Ps 73 is a lengthy meditation on the apparent injustices of the world. Though it begins with the confident affirmation that Truly God is good to the upright, to those who are pure in heart (v. 1), yet it continues to describe the ways in which the wicked seem to have it good while the righteous go on in suffering. The psalmist describes some of the good luck of the wicked like this:
For they have no pain;
their bodies are sound and sleek.
They are not in trouble as others are;
they are not plagued like other people.
Therefore pride is their necklace;
violence covers them like a garment (vv. 4-6).
Not only that, but the wicked are not even recognized as such by the people:
Therefore the people turn and praise them,
and find no fault in them.
And they say, "How can God know?
Is there knowledge in the Most High?"
Such are the wicked;
always at ease, they increase in riches (vv. 10-12).
The psalmist laments his own situation of suffering and travail, and considers that his efforts to live a good and upright life may have been pointless. His sufferings seem an unfitting repayment for his attempt to remain pure in conscience and in his relations with others:
All in vain I have kept my heart clean
and washed my hands in innocence.
For all day long I have been plagued,
and am punished every morning (vv. 13-14).
Quite the depressing state to be in! And yet he doesn't remain in this place, because otherwise he would never have written the psalm in the first place. But what is it that convinces him? What is it that opens his eyes to the truth of the matter, and keeps from compromising himself with the wicked for the sake of an easy gain?
But when I thought how to understand this,
it seemed to me a wearisome task,
until I went into the sanctuary of God;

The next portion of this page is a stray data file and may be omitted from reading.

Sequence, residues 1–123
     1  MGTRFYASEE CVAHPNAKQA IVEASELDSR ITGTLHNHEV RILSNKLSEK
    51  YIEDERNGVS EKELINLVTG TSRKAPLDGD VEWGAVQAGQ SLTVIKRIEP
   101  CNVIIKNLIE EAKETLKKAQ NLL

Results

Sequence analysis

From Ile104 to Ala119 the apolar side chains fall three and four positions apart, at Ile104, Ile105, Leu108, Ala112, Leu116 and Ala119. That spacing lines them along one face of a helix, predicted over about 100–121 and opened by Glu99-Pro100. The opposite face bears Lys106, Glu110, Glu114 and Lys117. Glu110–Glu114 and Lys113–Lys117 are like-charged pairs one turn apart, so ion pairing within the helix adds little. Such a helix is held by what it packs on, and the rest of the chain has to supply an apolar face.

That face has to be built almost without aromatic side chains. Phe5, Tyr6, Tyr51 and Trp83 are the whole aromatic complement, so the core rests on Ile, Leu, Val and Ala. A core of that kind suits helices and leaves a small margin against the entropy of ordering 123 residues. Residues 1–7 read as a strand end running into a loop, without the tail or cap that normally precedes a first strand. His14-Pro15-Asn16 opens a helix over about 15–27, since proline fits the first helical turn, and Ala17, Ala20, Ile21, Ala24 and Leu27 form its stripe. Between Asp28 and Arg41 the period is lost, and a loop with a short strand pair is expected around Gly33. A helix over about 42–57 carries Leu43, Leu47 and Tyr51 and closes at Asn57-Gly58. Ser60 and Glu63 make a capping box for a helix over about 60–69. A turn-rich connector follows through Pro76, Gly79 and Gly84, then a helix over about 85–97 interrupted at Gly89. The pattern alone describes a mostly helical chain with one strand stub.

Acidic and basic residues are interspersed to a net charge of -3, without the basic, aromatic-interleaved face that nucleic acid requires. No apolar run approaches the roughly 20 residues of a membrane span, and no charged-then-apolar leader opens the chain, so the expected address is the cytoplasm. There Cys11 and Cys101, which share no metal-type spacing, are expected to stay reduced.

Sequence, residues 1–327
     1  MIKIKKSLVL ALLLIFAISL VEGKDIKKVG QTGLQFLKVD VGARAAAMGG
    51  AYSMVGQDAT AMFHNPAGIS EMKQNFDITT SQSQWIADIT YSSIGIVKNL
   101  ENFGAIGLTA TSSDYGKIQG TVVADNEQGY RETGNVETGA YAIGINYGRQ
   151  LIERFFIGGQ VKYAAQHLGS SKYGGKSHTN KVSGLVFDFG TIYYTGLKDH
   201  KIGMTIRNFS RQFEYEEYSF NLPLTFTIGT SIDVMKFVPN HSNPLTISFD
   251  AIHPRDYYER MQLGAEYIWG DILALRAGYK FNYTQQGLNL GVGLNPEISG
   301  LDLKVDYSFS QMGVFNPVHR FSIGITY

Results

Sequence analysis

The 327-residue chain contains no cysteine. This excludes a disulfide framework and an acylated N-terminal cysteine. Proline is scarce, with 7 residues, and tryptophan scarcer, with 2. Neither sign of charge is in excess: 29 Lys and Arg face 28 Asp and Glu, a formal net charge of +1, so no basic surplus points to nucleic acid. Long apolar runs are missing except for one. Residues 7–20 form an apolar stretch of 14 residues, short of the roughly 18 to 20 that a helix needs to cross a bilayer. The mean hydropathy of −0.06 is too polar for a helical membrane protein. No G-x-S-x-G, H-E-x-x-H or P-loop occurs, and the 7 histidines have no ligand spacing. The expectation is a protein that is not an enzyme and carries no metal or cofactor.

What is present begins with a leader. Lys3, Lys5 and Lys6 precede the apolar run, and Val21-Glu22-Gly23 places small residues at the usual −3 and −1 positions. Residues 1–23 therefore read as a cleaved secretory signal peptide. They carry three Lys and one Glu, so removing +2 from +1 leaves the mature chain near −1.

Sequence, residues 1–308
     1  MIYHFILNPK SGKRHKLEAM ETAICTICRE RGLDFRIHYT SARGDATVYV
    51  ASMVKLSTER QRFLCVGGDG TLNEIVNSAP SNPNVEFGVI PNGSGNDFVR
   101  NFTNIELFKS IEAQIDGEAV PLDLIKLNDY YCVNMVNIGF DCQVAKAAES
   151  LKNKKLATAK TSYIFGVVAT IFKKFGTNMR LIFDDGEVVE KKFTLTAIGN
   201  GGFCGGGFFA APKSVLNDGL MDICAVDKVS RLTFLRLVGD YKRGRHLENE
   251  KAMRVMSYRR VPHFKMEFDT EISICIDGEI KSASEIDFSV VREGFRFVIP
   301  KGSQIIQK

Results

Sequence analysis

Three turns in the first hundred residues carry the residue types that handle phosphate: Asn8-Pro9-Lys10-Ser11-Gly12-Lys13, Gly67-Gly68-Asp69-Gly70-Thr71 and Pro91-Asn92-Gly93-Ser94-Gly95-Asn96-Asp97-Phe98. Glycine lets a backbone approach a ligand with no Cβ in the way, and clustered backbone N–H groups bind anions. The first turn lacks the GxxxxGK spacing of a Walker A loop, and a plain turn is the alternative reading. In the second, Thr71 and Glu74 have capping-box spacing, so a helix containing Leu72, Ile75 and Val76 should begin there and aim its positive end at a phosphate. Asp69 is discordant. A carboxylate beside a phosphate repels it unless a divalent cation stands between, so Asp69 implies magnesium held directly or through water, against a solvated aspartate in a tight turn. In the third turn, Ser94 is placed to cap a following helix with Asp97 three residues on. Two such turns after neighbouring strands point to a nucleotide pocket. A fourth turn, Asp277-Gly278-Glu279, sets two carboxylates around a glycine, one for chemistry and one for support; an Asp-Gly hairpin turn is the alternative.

then I perceived their end (vv. 16-17).
Here we find what we might call the 'theodicy of the liturgy.' The psalmist goes into the house of God and there finds the answers to his troubles, because he is reminded of the judgment and justice of God -- a judgment which lifts up the downtrodden and casts down those who were haughty; a justice which rewards each person according to his due, and does not allow the evil to go unpunished or the good to go unrewarded.
Not that we needed any more reasons to go to church, but here we find yet another. The church service is designed (or at least ought to be designed) to remind us of the truths of God when experience in the world may incline us in another direction. Importantly, the liturgy ought to make us feel glad to be alive, it ought to remind us that the Creator is our Father and that therefore it is good to exist, good to go on living in the world. We meet with struggles and obstacles in our everyday existence and we find it troublesome to persist any further; but God is our Father and he created us for life, not for death. The liturgy and the church service ought to remind us of this, and provide us with a renewed strength and zeal for living over the course of the coming week.
The liturgy must also remind us of the moral order of the universe God has created. We must be reminded of the judgment of God on the wicked, which gives our decisions moral importance and significance; we must be reminded of the promise that Jesus Christ will judge, that we are promised mercy and understanding for our failings. We have to know and hear about Christ's resurrection, which is the evidence that God does not leave the victims of the world to suffer forever and be destroyed, but that the dead can be raised and every evil can be undone by God's power and goodness.
When we sing hymns about the salvation that has been given us, we are made to take our minds off the sufferings of the moment and to see the greater vision of an eternity in fellowship with the Father, Son, and the Holy Spirit. When we take the communion, we are reminded of the sufferings that Christ underwent for us, the righteous for the guilty, so that we may be saved from the death and doom to which we had been destined because of our sin. When we sing praises to Christ who died, we are immediately reminded of his resurrection, by virtue of which he can receive our praises, which is the proof that life has the final word and not death, good and not evil, God and not Satan. Our church services are a liturgical answer to the problem of theodicy encountered throughout the week.
We must go to church regularly because we have to be reminded of all these things. They give our lives sense; they make it worthwhile to continue living in this universe in which it would seem things often go haywire. We are reminded at our gatherings of the precious truth that God is our Father, and that he cares for us even in times of trouble and toil.